Fair Trade is not really a fair option considering the extremely hard labor of the farmers, the fact that it doesn’t lift them out of poverty (and doesn’t intend to either, since basically it mainly sets a minimum price for the produce so the farmers won’t get even poorer in case of drop in prices), the fact that it discriminates the poorest farmers by demanding a few criterions in order to be part of fair trade cooperative which they can’t meet (the most prominent is owning their own land), the fact that it doesn’t discriminate between farms from different parts of the world, meaning setting the same requirements and annual fee for all of them and that’s why most of the fair trade farmers are from the richer South and Central America (and from the richer areas in South and Central America) and less are from the poorer Africa (and even less from the poorest areas of Africa), the fact that a few years ago Fair Trade USA decided to include large scale plantations as well as cooperatives of small producers, which in many ways counters the original goal which is to protect small and poor farmers from big and rich ones, and the list goes on and on (for more information we recommend the following 3 articles 1,2,3). There are several academic studies about the effect of fair trade on poor families with very disappointing results. Obviously none of these problems are done intentionally by the foundations which their purposes are good, however this is not the point or the topic of this post nor of this series so we’ll only sum up with arguing that even if the system was much better, it is principally still an imperialistic observation on certain areas of the world which are encouraged to function as the westerners’ farmland only with less white guilt, a sort of neo-colonialism but with a much better branding.

More important and relevant for this discussion is not how practically ineffective fair trade is in the poorer parts of the world, but how relatively unpopular it is in the rich ones.
Most humans are not even willing to pay a few cents more for their luxury lifestyles anyway. Even if fair trade is mainly so that they can feel better about themselves (as in many cases it is not really making the farmers feel better) they waive the allegedly ethical option to save a few more cents.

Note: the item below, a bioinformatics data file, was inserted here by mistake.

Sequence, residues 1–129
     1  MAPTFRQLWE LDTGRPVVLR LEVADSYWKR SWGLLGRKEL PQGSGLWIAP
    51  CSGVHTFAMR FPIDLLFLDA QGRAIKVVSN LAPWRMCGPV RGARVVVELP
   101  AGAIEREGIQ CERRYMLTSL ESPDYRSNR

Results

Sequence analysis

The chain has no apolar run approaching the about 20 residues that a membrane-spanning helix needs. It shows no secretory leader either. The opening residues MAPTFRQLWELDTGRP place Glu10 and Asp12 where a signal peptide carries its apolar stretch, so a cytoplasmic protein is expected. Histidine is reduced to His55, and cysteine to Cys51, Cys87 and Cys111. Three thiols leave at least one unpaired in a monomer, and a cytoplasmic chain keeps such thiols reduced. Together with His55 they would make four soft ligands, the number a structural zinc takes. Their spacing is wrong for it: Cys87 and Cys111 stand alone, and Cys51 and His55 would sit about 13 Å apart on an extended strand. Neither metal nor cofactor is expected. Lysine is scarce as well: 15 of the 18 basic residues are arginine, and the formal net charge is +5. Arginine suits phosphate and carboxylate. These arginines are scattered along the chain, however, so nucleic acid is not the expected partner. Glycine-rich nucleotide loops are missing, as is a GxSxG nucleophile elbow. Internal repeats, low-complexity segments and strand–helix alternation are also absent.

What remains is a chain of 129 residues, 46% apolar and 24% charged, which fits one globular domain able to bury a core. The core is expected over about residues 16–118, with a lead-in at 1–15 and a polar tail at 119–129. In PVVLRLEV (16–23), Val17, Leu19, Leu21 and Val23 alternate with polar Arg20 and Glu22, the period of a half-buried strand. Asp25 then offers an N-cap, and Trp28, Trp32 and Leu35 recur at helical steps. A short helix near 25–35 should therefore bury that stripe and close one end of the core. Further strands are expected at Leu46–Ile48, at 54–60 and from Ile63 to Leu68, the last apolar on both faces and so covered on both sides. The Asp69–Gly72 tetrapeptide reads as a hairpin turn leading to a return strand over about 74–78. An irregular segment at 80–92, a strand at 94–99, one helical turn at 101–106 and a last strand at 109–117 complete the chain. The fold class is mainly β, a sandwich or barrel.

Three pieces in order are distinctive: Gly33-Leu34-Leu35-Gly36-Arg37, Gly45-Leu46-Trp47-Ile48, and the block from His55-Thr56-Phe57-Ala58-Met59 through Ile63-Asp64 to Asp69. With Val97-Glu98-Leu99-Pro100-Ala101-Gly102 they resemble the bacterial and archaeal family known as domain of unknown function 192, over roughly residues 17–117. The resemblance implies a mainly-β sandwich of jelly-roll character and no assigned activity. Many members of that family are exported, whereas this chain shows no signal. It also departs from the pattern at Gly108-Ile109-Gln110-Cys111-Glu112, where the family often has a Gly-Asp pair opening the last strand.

Humans are not even willing to pay more for feeling politically correct so forget about being correct.


So far, the political sector, the private sector (the chocolate corporations) and the public sector have disappointed these children which their number has increased by 50% from 2009 to 2014. That is despite that child slavery in cacao farms is supposed to be the easiest to eradicate. There should be no controversies like in the more complex cases of labor exploitation such as sweatshops, or the cases in which the average human has a very limited option to influence (like some of the slavery methods that we’ll specify in the next post). It is not even a case of unnecessary slavery in a necessary industry, but of absolute luxuriousness. It is a case of some humans’ greed and the apathy of the rest.

And maybe the saddest thing about it is that unfortunately it is only a small part of the problem. As argued in the title of the article regarding slavery, there are more slaves today than ever in history. In the next part of this slavery series we’ll detail the rest of the modern slavery forms.

One thought on “Chocolate’s Not So Secret Ingredient

  1. Needless to mention the other common “ingredient” often found in chocolate and what that entails.

    Even the milk alternative chocolates rarely mention ethical issues and typically seek to promote themselves as a solution for the lactose-intolerant.

    It’s all about the pleasure of the individual human and fu<k the millions who suffer for it.